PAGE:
The Future of Numerical Computing
Written by one of the foremost experts in high-performance computing and the inventor of Gustafson’s Law, The End of Error: Unum Computing explains a new approach to computer arithmetic: the universal number (unum). The unum encompasses all IEEE floating-point formats as well as fixed-point and exact integer arithmetic. This new number type obtains more accurate answers than floating-point arithmetic yet uses fewer bits in many cases, saving memory, bandwidth, energy, and power.
A Complete Revamp of Computer Arithmetic from the Ground Up
Richly illustrated in color, this groundbreaking book represents a fundamental change in how to perform calculations automatically. It illustrates how this novel approach can solve problems that have vexed engineers and scientists for decades, including problems that have been historically limited to serial processing.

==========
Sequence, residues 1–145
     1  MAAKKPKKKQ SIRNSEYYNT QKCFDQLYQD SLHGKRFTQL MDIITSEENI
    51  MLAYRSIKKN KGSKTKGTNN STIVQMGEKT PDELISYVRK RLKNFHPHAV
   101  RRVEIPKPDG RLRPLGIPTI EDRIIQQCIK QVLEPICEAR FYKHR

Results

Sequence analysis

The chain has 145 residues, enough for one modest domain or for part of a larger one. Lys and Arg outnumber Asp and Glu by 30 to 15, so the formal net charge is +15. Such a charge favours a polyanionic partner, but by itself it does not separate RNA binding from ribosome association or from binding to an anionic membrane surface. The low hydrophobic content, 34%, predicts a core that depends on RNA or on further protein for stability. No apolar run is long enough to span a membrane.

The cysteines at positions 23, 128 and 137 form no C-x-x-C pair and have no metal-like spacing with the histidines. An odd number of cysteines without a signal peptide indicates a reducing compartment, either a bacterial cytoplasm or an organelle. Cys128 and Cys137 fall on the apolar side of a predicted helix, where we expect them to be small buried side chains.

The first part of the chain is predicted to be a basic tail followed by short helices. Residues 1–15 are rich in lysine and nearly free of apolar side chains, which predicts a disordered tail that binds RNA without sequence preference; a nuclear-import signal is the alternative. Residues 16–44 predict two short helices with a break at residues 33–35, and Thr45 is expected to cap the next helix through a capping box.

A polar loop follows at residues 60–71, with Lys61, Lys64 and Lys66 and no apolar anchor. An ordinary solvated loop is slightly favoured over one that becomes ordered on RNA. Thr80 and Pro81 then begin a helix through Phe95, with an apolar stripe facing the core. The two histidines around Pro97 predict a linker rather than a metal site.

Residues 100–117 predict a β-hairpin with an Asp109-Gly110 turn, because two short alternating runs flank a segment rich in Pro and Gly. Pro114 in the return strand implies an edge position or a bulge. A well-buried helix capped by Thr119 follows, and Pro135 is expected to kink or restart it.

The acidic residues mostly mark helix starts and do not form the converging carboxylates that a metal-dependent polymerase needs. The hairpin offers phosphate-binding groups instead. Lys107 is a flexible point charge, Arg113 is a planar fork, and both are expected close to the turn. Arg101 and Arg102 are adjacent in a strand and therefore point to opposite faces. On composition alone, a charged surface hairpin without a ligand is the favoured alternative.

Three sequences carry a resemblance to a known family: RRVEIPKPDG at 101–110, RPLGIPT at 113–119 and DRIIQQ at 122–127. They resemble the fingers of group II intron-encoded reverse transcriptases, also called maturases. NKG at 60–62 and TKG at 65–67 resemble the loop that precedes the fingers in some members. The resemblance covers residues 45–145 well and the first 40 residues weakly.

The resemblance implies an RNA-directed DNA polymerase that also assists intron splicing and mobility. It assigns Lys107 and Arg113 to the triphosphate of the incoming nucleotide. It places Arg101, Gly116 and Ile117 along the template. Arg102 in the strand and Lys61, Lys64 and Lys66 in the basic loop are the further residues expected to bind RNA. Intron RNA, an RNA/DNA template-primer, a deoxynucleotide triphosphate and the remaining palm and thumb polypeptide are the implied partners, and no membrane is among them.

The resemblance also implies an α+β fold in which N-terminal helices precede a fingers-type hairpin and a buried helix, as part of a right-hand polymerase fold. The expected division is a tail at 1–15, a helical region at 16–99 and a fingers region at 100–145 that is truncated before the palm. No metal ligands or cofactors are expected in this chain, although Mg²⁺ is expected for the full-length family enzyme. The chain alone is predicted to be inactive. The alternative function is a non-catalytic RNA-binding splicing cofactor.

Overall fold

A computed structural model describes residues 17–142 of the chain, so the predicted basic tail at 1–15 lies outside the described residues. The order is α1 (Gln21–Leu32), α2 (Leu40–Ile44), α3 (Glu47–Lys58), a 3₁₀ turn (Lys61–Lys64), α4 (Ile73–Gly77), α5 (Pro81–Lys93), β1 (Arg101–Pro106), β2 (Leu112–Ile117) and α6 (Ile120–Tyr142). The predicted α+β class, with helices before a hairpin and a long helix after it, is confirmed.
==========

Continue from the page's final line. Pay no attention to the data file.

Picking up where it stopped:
Suitable for Anyone Using Computers for Calculations
The book is accessible to anyone who uses computers for technical calculations, with much of the book only requiring high school math. The author makes the mathematics interesting through numerous analogies. He clearly defines jargon and uses color-coded boxes for mathematical formulas, computer code, important descriptions, and exercises.
Table of Contents
Part 1 - A New Number Format: The Unum
Chapter 1 - Overview
Chapter 2 - Building up to the unum format
Chapter 3 - The “original sin” of computer arithmetic
Chapter 4 - The complete unum format
Chapter 5 - Hidden scratchpads and the three layers
Chapter 6 - Information per bit
Chapter 7 - Fixed-size unum storage
Chapter 8 - Comparison operations
Chapter 9 - Add/subtract and the unbiased rounding myth
Chapter 10 - Multiplication and division
Chapter 11 - Powers
Chapter 12 - Other important unary operations
Chapter 13 - Fused operations (single-use expressions)
Chapter 14 - Trial runs: Unums face challenge calculations
Part 2 - A New Way to Solve: The Ubox
Chapter 15 - The other kind of error
Chapter 16 - Avoiding interval arithmetic pitfalls
Chapter 17 - What does it mean to “solve” an equation?
Chapter 18 - Permission to guess
Chapter 19 - Pendulums done correctly
Chapter 20 - The two-body problem (and beyond)
Chapter 21 - Calculus considered evil: Discrete physics
Chapter 22 - The end of error